Tourniquets are familiar to some and foreign to others. Some people wave off the tourniquet, thinking they can just use their belt. Others think you should only use a tourniquet for an amputation. What’s the truth? Are tourniquets helpful? And which types of tourniquets should you carry?
This guide will cover three common tourniquets and list their pros and cons. Anyone carrying a firearm or spending time outdoors should understand how to use a tourniquet. In this article, we’ll talk about three of the best tourniquets on the market. Also, we’ll review several common tourniquet myths.
Some very reputable professionals carry the tourniquets we’ll cover in this article, including Navy SEALs, police officers, and paramedics. After reading, you’ll be one step closer to protecting yourself and your family.
Parts Of A Tourniquet
Before we get into the nitty-gritty, it’ll help to know the parts of a tourniquet. That way, you can easily follow along.
The parts of a tourniquet:
- Strap. All tourniquets need a strap that will tighten around the limb.
- Windlass. The windlass is attached to the strap. As you twist the windlass, the strap becomes much tighter. The windlass gives you a mechanical advantage.
- C-Clip. Once you tighten the tourniquet, you need to secure the windlass. The C-clip quickly locks the tourniquet into place.
- Time tag. Most tourniquets have an area to mark the time—an important step in tourniquet application.
These are the basic elements of a tourniquet. Some types of tourniquets will have slightly different parts. Tip: Before you hit the range with a new shooter, make carrying and practicing with a tourniquet part of your routine.
Types Of Tourniquets
We’ll start by talking about three of the best tourniquets on the market. If you’re totally new to tourniquets, don’t worry. As we talk about the tourniquets, you’ll learn what makes a tourniquet functional. Tourniquets work by compressing major arteries, essentially choking off blood flow and stopping the bleed. To illustrate this, think about stepping on a garden hose: you compress the hose, and the water stops.
Three of the best tourniquets:
- SOF-T by Tactical Medical Solutions
- CAT by North American Rescue
- SAM-XT by SAM medical
The CAT and the SOF-T are undisputed top tourniquets – they’ve shared recommendations by the CoTCCC for the longest time. The SAM-XT has a special feature that makes it unique. Note: If you’re curious about other options, you can read the CoTCCC statement on recommended tourniquets. The CoTCCC is an organization that recommends medical procedures and equipment for military use.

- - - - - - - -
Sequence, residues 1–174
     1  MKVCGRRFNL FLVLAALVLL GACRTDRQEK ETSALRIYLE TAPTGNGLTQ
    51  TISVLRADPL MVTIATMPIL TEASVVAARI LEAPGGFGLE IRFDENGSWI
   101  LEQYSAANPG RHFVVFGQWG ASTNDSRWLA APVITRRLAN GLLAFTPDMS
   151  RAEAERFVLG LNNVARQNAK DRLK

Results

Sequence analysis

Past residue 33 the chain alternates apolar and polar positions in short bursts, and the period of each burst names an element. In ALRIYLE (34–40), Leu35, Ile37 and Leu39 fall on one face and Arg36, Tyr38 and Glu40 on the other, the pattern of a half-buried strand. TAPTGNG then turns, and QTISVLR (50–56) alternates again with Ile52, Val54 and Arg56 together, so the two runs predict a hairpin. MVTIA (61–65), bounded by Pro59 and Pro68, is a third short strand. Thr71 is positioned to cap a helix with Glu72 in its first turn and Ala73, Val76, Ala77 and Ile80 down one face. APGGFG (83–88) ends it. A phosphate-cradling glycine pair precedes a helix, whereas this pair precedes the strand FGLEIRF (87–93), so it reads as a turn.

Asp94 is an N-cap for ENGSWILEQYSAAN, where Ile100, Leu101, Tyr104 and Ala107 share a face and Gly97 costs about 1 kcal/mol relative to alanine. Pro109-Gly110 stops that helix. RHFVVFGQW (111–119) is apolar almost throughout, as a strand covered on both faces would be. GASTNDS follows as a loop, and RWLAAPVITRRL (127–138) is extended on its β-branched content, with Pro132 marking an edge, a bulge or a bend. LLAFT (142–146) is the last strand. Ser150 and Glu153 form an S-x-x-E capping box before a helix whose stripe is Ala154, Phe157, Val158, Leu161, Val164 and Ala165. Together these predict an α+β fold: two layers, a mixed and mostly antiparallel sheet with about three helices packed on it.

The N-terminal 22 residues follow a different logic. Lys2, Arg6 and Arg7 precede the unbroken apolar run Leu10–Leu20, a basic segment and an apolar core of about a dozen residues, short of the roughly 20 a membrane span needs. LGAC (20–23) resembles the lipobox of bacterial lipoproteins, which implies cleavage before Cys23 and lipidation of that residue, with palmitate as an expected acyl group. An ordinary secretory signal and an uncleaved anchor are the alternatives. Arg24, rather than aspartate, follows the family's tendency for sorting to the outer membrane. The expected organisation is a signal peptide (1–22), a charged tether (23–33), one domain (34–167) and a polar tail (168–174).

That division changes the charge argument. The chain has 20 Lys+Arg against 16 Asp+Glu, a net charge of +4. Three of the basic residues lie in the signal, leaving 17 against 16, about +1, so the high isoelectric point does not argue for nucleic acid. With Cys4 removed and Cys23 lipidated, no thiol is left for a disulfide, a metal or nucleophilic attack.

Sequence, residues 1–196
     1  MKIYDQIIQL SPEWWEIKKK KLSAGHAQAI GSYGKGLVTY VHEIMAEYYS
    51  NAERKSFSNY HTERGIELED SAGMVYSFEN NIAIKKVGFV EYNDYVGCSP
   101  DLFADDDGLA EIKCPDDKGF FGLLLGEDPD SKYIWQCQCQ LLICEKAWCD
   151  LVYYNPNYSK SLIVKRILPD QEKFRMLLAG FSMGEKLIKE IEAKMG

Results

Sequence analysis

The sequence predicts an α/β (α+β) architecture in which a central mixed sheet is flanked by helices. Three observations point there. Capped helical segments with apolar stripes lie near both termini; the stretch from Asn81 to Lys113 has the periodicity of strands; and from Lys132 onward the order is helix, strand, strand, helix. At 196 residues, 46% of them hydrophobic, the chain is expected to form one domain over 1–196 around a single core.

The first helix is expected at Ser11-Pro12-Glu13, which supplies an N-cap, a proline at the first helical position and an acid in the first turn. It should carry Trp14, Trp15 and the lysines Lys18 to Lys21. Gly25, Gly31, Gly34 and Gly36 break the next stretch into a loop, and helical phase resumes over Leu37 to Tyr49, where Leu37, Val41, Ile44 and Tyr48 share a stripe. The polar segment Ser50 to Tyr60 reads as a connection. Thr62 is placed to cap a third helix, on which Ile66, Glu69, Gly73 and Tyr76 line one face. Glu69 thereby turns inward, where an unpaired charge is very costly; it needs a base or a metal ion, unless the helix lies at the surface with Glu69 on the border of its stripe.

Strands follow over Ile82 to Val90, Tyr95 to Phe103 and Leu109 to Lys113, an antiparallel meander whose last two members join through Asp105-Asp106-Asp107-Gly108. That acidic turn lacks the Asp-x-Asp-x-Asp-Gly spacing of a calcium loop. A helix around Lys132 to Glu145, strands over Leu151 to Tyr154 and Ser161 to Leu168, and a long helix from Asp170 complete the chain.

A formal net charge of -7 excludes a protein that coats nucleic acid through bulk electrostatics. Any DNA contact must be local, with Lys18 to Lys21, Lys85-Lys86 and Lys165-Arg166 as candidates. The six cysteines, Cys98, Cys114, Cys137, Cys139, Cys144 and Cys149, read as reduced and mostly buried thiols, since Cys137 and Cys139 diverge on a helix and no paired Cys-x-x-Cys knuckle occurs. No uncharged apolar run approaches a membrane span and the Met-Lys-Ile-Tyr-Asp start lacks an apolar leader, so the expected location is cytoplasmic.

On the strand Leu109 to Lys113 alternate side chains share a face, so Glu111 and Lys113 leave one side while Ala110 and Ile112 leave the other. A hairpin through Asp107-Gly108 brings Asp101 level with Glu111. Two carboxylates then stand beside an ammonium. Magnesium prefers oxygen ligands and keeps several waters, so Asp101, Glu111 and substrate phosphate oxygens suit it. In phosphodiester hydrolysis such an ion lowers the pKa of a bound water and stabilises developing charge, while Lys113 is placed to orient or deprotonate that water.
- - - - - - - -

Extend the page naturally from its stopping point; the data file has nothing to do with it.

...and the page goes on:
SOF-T Tourniquet: Pros & Cons
The SOF-T is common in professional environments. It works with a windlass design and a simple pull strap. Also, the SOF-T has an easy release clip that allows you to loop the tourniquet around someone’s leg or arm without releasing direct pressure. The SOF-T does not use velcro – this is one reason some people like the SOF-T over the CAT. While not a huge issue, velcro can become inhibited with water and dirt. Also, you need to secure the velcro, adding a step to the application. With the SOF-T, you just pull it tight and start twisting the windlass.
Pros to the SOF-T:
- CoTCCC approved
- Easy clip buckle
- Easy to store and carry
- Least expensive of the three options
Cons to the SOF-T:
- Smaller windlass
Helpful Hint: Use a tourniquet when you see a large amount of red spurting blood. Tourniquets are no longer “the last resort.” They can safely stay on someone’s limb for up to two hours and sometimes longer.
CAT Tourniquet: Pros & Cons
The CAT tourniquet might be the most popular in the world. You can easily use the newest generations of the CAT with one hand, and it has a large windlass that’s simple to twist. The CAT tourniquet is carried worldwide by the military, the police, and ambulance services. The CAT is user-friendly. It does have a velcro portion that adds a step to the application. Also, the CAT tourniquet is larger than the SOF-T, so it’s a bit more difficult to carry it around every day. With that said, you can’t go wrong carrying a CAT.
Pros to the CAT:
- Many people know it and are familiar with it.
- Easy to use one-handed.
- It’s recommended by the CoTCCC.
Cons to the CAT:
- Velcro (not a true con, just a dislike by some)
- Counterfeits (just be sure you double-check)
Beware: The CAT is one of the most copied and counterfeited tourniquets. You might buy a tourniquet, thinking it’s a quality CAT, when it’s really a knockoff. Buying a cheap tourniquet could get you killed. CATs usually sell for about $30 – If you find them for much less, be suspicious.
SAM-XT Tourniquet: Pros & Cons
The SAM-XT tourniquet operates like the SOF-T and the CAT; however, the SAM-XT has one clever development – it “clicks” once you’ve pulled the tourniquet tight enough. This solves one of the biggest issues with tourniquets, not pulling them tight enough before tightening the windlass.
Other than its auto-locking buckle, the SAM-XT tourniquet operates very similarly to the CAT and the SOF-T. If you’re curious, here’s a video on the special action of the SAM-XT. The main downsides to the SAM-XT are that it’s the largest in the group, and the added mechanism makes it bulky. For this reason, it isn’t as easy to carry every day. Also, the SAM-XT is the most expensive of the three options, at about $37-$40.
Pros of the SAM-XT:
- Easy to use
- CoTCCC recommended
Cons of the SAM-XT:
- Slightly more expensive